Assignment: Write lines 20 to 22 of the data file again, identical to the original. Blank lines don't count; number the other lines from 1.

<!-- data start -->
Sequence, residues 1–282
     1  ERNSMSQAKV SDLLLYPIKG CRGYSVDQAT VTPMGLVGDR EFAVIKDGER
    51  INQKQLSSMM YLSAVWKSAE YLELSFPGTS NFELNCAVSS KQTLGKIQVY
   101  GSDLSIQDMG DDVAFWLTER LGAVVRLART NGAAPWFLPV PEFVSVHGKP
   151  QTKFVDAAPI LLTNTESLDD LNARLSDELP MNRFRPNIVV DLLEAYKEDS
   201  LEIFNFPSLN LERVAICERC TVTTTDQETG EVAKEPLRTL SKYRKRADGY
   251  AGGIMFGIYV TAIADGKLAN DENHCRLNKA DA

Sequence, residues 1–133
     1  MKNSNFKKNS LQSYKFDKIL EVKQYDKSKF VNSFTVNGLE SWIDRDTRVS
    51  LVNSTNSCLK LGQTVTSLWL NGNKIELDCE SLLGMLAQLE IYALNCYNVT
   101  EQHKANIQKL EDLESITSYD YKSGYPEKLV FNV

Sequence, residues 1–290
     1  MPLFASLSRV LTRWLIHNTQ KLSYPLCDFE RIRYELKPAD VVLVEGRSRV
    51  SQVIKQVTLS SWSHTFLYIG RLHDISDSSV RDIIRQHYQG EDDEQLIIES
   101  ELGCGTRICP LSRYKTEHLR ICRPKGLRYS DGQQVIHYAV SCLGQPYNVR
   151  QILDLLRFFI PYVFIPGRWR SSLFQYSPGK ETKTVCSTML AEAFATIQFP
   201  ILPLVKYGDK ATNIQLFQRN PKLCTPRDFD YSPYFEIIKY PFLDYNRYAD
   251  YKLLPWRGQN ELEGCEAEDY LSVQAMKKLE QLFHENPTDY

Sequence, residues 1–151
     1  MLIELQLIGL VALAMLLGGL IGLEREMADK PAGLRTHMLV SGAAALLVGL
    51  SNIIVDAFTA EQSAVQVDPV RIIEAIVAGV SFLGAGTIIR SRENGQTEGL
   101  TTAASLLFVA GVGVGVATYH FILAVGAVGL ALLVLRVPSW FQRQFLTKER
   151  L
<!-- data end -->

     1  MLIELQLIGL VALAMLLGGL IGLEREMADK PAGLRTHMLV SGAAALLVGL
    51  SNIIVDAFTA EQSAVQVDPV RIIEAIVAGV SFLGAGTIIR SRENGQTEGL
   101  TTAASLLFVA GVGVGVATYH FILAVGAVGL ALLVLRVPSW FQRQFLTKER